By the early 1900’s, after continuously breeding together the smaller individuals of the breed, Polish rabbits regularly weighed just 2.5 - 3 pounds. At the same time, its type was being developed from a hug-the-table pose to an upright, or arched, type, very similar to the Belgian Hare type which was very popular in those days.

In the intervening years until today, continued selective breeding has resulted in two tiny rabbit breeds which achieved their small size without the use of a dwarfing gene:

  • In the UK, the Polish rabbit now weighs no more than 2.5 pounds. In the USA, Britannia Petites are the same rabbit, different in name only.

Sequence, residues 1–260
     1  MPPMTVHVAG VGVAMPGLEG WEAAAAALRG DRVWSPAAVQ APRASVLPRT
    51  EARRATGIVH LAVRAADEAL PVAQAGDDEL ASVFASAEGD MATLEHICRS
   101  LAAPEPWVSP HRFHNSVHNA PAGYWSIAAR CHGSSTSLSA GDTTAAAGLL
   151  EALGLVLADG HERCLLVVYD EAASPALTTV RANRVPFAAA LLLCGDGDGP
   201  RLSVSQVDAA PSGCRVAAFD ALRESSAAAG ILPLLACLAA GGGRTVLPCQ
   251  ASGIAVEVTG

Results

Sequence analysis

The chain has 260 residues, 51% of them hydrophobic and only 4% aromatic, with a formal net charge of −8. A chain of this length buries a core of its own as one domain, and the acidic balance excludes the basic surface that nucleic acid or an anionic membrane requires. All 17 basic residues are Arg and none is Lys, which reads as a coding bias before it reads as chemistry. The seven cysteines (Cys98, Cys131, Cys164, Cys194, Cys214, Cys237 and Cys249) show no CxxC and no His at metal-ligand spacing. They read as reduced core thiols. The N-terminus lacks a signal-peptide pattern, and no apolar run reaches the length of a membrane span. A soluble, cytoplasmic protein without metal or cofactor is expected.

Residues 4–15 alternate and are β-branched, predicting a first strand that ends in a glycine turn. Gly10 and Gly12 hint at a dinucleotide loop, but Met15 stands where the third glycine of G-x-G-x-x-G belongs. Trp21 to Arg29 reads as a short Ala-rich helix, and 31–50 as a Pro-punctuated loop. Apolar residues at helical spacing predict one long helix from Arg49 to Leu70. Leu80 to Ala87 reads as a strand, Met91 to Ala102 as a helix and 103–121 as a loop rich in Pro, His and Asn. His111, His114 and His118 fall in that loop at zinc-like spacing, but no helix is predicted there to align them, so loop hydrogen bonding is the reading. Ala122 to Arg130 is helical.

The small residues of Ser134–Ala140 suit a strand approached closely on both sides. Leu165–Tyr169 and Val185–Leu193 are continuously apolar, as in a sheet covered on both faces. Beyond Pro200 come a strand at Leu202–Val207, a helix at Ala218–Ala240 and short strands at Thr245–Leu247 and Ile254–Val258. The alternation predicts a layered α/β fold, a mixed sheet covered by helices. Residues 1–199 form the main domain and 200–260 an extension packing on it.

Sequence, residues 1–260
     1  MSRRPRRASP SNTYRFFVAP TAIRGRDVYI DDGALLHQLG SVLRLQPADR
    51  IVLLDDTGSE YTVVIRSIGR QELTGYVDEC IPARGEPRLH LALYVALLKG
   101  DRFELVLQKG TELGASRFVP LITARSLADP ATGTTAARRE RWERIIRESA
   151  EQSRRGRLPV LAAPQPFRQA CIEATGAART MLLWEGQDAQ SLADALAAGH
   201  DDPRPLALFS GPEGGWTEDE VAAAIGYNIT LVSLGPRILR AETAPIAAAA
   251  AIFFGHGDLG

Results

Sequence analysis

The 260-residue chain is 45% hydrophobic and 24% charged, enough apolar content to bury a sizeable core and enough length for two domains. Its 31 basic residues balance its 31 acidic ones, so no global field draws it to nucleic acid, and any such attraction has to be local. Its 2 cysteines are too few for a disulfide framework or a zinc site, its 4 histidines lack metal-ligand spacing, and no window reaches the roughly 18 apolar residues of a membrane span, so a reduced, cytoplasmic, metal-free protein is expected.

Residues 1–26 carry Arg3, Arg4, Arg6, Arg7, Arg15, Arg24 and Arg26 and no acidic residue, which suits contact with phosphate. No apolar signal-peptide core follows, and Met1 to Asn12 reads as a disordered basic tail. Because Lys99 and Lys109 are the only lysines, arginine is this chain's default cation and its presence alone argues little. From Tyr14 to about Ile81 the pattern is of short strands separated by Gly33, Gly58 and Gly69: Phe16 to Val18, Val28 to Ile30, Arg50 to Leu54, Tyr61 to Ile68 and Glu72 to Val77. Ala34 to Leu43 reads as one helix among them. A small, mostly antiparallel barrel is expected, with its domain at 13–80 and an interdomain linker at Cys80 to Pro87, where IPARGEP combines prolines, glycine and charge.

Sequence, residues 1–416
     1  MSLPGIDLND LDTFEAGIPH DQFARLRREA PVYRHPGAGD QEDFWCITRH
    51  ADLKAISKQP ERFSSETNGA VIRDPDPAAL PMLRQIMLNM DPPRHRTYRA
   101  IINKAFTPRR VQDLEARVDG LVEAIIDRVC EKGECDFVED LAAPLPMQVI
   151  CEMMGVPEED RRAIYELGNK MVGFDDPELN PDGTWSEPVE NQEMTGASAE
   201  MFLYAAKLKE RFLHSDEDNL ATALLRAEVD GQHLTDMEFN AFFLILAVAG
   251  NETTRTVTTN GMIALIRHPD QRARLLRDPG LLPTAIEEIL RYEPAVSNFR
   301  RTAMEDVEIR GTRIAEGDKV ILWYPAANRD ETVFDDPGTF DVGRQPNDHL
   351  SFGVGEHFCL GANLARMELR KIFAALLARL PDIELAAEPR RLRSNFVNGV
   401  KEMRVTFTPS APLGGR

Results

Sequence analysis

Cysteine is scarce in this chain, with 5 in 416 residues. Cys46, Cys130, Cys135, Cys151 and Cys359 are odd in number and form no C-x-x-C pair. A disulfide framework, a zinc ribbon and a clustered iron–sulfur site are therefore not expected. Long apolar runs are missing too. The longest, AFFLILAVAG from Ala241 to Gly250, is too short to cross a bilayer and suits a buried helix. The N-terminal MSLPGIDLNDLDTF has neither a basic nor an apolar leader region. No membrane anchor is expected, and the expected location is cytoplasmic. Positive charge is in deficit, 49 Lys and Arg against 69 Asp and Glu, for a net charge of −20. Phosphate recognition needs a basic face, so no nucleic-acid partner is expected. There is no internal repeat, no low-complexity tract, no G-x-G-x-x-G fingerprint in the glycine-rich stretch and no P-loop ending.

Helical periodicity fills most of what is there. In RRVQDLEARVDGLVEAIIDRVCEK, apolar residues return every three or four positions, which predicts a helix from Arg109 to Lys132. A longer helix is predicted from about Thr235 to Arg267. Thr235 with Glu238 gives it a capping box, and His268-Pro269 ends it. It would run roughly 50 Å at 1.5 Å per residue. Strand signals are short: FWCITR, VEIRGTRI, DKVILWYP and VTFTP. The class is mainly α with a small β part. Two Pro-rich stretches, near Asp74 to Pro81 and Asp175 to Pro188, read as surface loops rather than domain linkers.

• The USA also has a breed called the Polish, which may weigh up to 3.5 pounds and has a compact type rather than arched. Polish in the USA show evidence of the use of other breeds such as the Beveren, Havana and Netherland Dwarf, used in order to acquire different color genetics.

It took literally decades of continually choosing to breed together the smallest of the small rabbits to concentrate the genes and modifying factors for “tiny” into rabbits that became tinier and tinier. There was a time during this process that the white Polish rabbit breed in England became frightfully inbred - a sickly, irritable rabbit that fled to the back of its hutch when people approached.

Note to wise breeders:

Selective breeding must be handled with care! Don’t lose desirable traits like health and attitude in a mad rush toward a primary goal.

Selectively Breeding for Big

This 17 pound Flemish Giant is not done growing yetThis 17 pound Flemish Giant is not done growing yet.